Retro Rental: Between TIFF and Fantastic Fest... It's the 'Dawn of the Dead'James Rocchi |
[Each week, depending on what's in theaters, what's in the news or what's on his mind, film critic James Rocchi brings you The Retro Rental, an older film on disco or download that connects with the here-and-now ...]
For myself, and for many fellow ink-stained wretches who cover, with joy, the world of film, September is the cruelest, craziest month. There's the Toronto International Film Festival and then -- less than a week after that meghilla of too many awesome movies and too many awesome Canadians is over -- there's Austin's Fantastic Fest, famously called "a film festival with the boring parts left out," replete with beheadings and behandings and bemusements. Plus, it's the informal start of Oscar season, which warms movieland up pretty fiercely even if you don't care about who exactly the Academy extends, with shaking hands, its awards to. And the biggest funny thing I can imagine is that I'm in the middle of all that and, of course, thinking of the one person, and one film, that combines the arty aspirations of the Oscar race, the Canadian-ness of Tiff's programming and the scares and shrieks of Fantastic Fest, and that's 2004's remake of 'Dawn of the Dead.'
See, one of the best films I saw at Toronto was Sarah Polley's kinda-doc 'Stories We Tell,' a great follow-up to the fiction film 'Take this Waltz,' which, if there's justice, will get Michelle Williams some notice for Best Actress; Polley is, of course, Canadian and the unexpected female lead in 'Dawn of the Dead,' a nurse who winds up allied with a loose group of survivors locked up tight in a mall after the zombie apocalypse. And in a lot of ways, it's one of her best performances -- not that, say, her work as a young mom dying of cancer who decides to not tell her family in 'My Life Without Me' is lesser. Rather, it's that 'Dawn' showed Polley could do unexpected things in movies where you thought you expected everything, and can sell not only deep and intense emotional loss but also a convincing no-hard-feelings look on her face when she has to headshot an unlikable human who has become an even more unlikable zombie.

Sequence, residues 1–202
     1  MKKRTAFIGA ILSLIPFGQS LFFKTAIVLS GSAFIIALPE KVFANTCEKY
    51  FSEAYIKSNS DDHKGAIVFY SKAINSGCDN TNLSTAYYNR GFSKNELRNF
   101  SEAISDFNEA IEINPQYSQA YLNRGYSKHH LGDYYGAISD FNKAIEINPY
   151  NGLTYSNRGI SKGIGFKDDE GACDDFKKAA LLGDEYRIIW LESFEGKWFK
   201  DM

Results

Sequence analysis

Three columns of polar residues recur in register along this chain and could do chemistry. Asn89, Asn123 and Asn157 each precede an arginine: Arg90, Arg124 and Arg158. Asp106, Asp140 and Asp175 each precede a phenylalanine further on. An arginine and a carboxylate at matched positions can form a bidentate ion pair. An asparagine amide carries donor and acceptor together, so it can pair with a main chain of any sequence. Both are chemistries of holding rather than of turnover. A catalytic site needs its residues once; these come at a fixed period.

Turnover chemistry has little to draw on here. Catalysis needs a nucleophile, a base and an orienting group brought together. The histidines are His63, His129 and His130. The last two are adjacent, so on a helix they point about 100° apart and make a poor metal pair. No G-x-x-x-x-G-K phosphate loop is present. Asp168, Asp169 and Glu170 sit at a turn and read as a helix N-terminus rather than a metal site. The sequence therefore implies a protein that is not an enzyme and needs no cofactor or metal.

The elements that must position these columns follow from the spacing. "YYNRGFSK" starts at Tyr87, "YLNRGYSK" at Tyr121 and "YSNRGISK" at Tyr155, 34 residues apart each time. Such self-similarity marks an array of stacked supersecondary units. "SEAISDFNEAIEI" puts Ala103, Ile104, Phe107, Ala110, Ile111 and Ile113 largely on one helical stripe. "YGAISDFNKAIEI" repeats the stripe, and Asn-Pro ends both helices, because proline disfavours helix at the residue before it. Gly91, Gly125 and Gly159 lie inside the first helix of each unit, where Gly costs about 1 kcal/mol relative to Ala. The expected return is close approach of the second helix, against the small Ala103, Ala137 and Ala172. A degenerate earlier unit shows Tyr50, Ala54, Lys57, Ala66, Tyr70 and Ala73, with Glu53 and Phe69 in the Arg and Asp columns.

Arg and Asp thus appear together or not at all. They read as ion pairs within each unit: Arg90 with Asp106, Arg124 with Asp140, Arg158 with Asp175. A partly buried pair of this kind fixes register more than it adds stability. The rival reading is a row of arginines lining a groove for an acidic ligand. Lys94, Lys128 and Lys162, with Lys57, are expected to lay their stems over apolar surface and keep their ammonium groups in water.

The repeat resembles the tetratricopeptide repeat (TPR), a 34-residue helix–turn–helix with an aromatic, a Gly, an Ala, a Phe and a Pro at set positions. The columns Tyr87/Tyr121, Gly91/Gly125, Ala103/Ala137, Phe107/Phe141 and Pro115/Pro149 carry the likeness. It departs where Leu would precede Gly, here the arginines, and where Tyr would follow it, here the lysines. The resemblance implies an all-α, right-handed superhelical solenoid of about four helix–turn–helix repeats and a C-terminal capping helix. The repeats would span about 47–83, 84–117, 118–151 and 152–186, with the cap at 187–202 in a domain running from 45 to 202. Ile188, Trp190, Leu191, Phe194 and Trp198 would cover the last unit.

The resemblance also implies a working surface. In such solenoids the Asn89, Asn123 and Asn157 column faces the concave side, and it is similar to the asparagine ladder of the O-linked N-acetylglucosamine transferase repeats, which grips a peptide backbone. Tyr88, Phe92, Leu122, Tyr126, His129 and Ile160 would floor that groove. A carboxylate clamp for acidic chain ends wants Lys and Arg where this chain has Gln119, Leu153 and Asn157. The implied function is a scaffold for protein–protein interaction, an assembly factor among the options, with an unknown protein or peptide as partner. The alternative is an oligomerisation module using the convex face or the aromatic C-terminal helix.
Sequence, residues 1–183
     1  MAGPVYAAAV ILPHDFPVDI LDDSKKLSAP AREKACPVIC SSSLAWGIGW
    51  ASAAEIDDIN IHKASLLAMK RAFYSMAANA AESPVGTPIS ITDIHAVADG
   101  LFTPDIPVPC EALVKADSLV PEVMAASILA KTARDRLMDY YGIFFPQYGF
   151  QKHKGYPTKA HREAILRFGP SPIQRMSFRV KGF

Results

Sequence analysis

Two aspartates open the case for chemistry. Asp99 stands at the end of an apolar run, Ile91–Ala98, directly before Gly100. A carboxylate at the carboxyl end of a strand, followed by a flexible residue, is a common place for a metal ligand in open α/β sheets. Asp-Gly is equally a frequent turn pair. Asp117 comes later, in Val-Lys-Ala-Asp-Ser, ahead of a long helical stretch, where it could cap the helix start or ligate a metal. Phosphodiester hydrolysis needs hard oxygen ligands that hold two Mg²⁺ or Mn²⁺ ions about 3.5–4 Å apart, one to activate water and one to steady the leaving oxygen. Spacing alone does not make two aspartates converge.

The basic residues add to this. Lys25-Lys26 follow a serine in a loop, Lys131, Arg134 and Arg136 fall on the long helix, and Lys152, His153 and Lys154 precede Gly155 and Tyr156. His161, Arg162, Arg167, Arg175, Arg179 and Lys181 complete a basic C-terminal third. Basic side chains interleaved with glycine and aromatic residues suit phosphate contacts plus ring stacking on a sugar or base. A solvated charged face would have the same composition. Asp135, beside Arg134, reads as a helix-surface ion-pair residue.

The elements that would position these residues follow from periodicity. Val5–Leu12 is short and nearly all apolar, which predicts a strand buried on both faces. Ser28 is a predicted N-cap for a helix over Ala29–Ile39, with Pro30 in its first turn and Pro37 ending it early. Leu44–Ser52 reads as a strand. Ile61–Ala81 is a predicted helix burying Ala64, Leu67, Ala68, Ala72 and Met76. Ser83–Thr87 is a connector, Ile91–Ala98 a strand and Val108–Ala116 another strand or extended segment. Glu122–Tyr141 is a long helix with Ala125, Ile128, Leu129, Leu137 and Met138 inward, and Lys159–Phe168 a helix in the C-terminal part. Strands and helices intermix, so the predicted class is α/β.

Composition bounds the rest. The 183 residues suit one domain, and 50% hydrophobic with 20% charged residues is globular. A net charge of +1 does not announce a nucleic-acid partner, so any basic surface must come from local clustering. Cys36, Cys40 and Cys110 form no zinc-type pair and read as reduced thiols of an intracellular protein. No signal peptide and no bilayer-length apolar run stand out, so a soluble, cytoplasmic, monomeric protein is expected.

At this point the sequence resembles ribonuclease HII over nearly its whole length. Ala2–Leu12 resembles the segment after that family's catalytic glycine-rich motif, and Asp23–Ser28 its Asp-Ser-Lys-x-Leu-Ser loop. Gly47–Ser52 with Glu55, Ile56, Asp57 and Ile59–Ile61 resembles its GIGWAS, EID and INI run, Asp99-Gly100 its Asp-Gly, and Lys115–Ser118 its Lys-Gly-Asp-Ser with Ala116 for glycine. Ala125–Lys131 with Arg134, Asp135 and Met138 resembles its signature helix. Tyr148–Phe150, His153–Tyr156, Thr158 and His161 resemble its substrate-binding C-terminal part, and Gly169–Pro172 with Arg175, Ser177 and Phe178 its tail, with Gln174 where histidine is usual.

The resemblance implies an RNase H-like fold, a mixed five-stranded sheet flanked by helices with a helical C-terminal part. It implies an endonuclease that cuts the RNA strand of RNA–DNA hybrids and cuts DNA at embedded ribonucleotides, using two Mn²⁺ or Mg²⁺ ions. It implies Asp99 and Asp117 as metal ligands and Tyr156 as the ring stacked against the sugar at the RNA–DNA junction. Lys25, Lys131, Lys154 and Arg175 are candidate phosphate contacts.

And that, really, is what makes the 2004 'Dawn of the Dead' so good -- not that it traded in Romero's shufflers for '28 Days Later'-esque sprinters, not that it never used the word "zombies," not the ace mix of practical and digital effects for gore. The script is credited to James Gunn, but it also benefited from some legendary re-writes by Scott Frank ('Out of Sight') and Michael Tolkin ('The Player'), neither of whom are slouches, and those three put the focus on character, character, character. The film then cast just enough new faces -- like Polley and the then-unknown Ty Burr of 'Modern Family' and Jake Weber -- to make us feel unsure about who exactly was going to get bitten or not, even as we grew to like these people more and more in both crisis and their rare calm moments. Take, for but one example, the debate between Polley and Ving Rhames' character; do you shoot someone as soon as they've been bitten by a zombie, or hold off until they "die" and become one? It doesn't feel like a phony exercise in fake tension because it isn't; both the characters have their reasons, and they argue for them.
That's what makes 'Dawn of the Dead' a great horror film above and beyond all, and also why it's director Zack Snyder's best film -- because it's a script about the fragile nature of life, not the indestructible terrors of the afterlife, one that focuses more on the heart and minds of its characters than the veins and brains of its zombies. Sarah Polley helped a lot with that -- and really, now that she's an Oscar-nominated writer-director it's hard to imagine her stepping up (or down) to do another horror film, so we might as well take what we have with joy. (Snyder mentions in the commentary, hilariously, how Polley noted a few takes into her first day that she had, that morning, already run more on-screen in one day than she had in her whole career.) Between Toronto signifying the start of Oscar season and Fantastic Fest serving as the warning whistle on Halloween, this week 'Dawn of the Dead' is the perfect movie for where I'm at; then again, it's really a great pick anytime.
('Dawn of the Dead' is available on DVD and Blu-ray.)